The Riders Come Out at Night: Brutality, Corruption, and Cover-up in Oakland by Ali Winston, Darwin BondGraham
NEW YORK TIMES EDITORS’ CHOICE
From the Polk Award–winning investigative duo comes a critical look at the systematic corruption and brutality within the Oakland Police Department, and the more than two-decades-long saga of attempted reforms and explosive scandals.
No municipality has been under court oversight to reform its police department as long as the city of Oakland. It is, quite simply, the edge case in American law enforcement.
The Riders Come Out at Night is the culmination of over twenty-one years of fearless reporting. Ali Winston and Darwin BondGraham shine a light on the jackbooted police culture, lack of political will, and misguided leadership that have conspired to stymie meaningful reform. The authors trace the history of Oakland since its inception through the lens of the city’s police department, through the Palmer Raids, McCarthyism, and the Civil Rights struggle, the Black Panthers and crack eras, to Oakland’s present-day revival.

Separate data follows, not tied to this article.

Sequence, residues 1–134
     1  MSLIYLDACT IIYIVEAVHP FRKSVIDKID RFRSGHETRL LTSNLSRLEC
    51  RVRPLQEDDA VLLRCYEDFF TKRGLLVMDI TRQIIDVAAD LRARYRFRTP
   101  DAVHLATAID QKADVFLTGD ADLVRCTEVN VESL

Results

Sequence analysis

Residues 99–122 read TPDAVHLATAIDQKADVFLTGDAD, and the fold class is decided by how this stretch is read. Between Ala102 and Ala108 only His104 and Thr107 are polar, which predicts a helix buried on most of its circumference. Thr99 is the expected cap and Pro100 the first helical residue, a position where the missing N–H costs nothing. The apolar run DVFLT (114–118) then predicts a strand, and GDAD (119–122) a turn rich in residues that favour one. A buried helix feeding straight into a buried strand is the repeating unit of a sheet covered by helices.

Readers will be introduced to a group of sadistic cops known as “The Riders,” whose disregard for the oath they took to protect and serve is on full, tragic, infuriating display. They will also meet Keith Batt, a wide-eyed rookie cop turned whistleblower, who was unwittingly partnered with the leader of the Riders. Other compelling characters include Jim Chanin and John Burris, two civil rights attorneys determined to see reform through, in spite of all obstacles. And Oakland’s deep history of law enforcement corruption, reactionary politics, and social movement organizing is retold through historical figures like Black Panther Huey Newton, drug kingpin Felix Mitchell, district attorney and future Supreme Court Justice Earl Warren, and Mayor Jerry Brown.
The Riders Come Out at Night is the story of one city and its police department, but it’s also the story of American policing—and where it’s headed.